Posted by Rachel Albert and Laura Beals
A few weeks ago we attended the 27th Annual Conference of the American Evaluation Association (AEA) in Washington, DC. We had the pleasure of mingling with luminaries in the field of evaluation. Participants came from places such as France, Africa, and Australia; industries represented included health care, education, social services, and more; participants included, but were not limited to, internal evaluators, academics, foundation managers, and statisticians.
Laura presented at the conference and discussed how JF&CS handles requests for research collaborations initiated by students and faculty. Given JF&CS is surrounded by 58 institutions of higher learning in Greater Boston, we have many opportunities to increase our evaluation capacity through these collaborations. But to do so effectively and efficiently, we have developed a formal process to evaluate each opportunity.
While our presentation was well attended, we also benefitted from the deep insights of others in the field. In some respects, this conference felt like drinking from the proverbial fire hose. Here are a few highlights, framed through a data-driven lens.
The AEA conference included 2,703 presenters, 1,011 presentations, and 7,300 attendees!
The Case for Evaluation
While many nonprofits have limited evaluation resources available, there is more and more pressure to produce data showing program effectiveness at nonprofits (for example, Bill Gates’ emphasis on monitoring and evaluation in his recent annual letter).
Big Themes in the Field of Evaluation
- Data visualization, which uses inspiring graphics and software, to help readers better understand evaluation data
- Evaluating education reform
- Culturally competent (respecting and understanding the cultural background of participants) and participatory evaluation (including program staff and participants in the design, implementation, and reporting of the evaluation)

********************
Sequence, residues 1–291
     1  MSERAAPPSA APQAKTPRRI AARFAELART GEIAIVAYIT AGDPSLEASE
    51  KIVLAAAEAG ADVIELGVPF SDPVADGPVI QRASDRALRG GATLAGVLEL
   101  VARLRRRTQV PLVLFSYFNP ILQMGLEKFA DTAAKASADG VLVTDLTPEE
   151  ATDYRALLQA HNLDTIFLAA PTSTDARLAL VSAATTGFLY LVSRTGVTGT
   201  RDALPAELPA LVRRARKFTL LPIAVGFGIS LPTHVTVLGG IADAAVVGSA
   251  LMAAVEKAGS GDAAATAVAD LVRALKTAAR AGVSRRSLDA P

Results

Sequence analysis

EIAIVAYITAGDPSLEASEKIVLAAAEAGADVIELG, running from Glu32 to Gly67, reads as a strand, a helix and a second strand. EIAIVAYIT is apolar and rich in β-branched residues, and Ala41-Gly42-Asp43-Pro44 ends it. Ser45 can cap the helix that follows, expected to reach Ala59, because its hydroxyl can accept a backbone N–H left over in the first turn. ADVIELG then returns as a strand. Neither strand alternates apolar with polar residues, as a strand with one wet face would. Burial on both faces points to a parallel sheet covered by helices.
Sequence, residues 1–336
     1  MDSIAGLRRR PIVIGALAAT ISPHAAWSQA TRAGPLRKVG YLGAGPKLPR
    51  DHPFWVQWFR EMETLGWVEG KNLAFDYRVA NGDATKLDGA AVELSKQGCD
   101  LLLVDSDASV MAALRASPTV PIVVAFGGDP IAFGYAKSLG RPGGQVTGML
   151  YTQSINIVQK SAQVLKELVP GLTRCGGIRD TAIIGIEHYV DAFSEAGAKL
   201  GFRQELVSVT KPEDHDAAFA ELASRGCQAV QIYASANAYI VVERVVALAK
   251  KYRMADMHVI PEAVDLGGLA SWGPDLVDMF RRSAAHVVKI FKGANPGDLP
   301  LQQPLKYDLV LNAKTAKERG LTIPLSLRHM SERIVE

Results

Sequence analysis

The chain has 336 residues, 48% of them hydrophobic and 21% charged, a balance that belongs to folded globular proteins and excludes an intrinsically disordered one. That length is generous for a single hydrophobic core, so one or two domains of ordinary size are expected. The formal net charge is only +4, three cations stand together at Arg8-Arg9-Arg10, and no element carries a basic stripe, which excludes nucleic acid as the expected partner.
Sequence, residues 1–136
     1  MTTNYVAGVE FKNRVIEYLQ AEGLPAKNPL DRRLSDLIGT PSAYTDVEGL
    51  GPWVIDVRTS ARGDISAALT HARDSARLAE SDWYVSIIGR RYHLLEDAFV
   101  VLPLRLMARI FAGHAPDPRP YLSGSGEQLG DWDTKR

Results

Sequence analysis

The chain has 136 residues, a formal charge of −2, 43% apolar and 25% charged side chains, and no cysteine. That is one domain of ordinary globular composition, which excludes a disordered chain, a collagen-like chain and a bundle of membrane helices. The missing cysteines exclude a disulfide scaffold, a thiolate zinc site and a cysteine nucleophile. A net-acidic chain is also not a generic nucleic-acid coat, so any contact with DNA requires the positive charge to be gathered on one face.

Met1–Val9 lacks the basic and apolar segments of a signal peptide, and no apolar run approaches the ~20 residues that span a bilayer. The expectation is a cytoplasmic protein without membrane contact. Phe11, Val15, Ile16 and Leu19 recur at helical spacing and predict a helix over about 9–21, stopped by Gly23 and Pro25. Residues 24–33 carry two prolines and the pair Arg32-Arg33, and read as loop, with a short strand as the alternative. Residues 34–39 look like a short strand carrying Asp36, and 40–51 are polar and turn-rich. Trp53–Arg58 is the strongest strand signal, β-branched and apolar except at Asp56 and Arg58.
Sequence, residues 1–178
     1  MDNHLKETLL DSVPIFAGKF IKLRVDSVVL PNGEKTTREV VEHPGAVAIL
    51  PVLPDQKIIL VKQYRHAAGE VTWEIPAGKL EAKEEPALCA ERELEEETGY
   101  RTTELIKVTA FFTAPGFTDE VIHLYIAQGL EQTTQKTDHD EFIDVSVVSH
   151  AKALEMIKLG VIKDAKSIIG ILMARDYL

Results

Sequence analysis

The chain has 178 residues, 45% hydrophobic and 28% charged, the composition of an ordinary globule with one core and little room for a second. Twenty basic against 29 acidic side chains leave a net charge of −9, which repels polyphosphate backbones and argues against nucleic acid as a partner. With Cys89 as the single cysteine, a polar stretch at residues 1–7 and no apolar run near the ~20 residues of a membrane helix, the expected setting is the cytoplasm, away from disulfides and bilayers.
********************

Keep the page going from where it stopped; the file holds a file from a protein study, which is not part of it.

What Did We Learn?
We learned a lot! First, we learned how easy it can be to connect with strangers when you’re united by common interests and a shared professional language. Even the biggest thought leaders in the field of evaluation are approachable and willing to share their experiences. Second, we realized that evaluators are fun. The people we met were thoughtful and passionate about their work, with an endearing geek-chic flair! Third, we learned that many of the most respected international organizations are struggling with how to measure effectiveness in a complex world. Finally, it became clear to us that evaluation is still coming into its own. There are many opportunities to make significant contributions.
We are lucky to work at JF&CS, an agency that is ahead of the learning curve in recognizing the need for a robust in-house evaluation capacity as we adapt to a changing nonprofit environment.
Rachel Albert directs the Performance and Quality Management department at JF&CS. Her background is in business and social work. Prior to joining the agency, Rachel worked as a strategic planning consultant to nonprofits.
Laura Beals, PhD is the Senior Program Evaluator in the Performance and Quality Management department. Laura completed her MA and PhD at the Eliot-Pearson Department of Child Development at Tufts University.